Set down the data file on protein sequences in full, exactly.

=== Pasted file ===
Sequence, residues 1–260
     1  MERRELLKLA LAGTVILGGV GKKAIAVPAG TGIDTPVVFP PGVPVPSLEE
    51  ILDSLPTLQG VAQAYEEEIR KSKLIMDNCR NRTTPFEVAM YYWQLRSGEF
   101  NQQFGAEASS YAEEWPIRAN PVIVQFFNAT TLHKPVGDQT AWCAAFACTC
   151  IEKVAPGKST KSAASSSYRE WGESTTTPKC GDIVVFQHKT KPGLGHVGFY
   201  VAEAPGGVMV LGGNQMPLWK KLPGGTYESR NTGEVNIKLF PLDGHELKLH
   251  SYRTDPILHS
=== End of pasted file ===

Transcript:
Sequence, residues 1–260
     1  MERRELLKLA LAGTVILGGV GKKAIAVPAG TGIDTPVVFP PGVPVPSLEE
    51  ILDSLPTLQG VAQAYEEEIR KSKLIMDNCR NRTTPFEVAM YYWQLRSGEF
   101  NQQFGAEASS YAEEWPIRAN PVIVQFFNAT TLHKPVGDQT AWCAAFACTC
   151  IEKVAPGKST KSAASSSYRE WGESTTTPKC GDIVVFQHKT KPGLGHVGFY
   201  VAEAPGGVMV LGGNQMPLWK KLPGGTYESR NTGEVNIKLF PLDGHELKLH
   251  SYRTDPILHS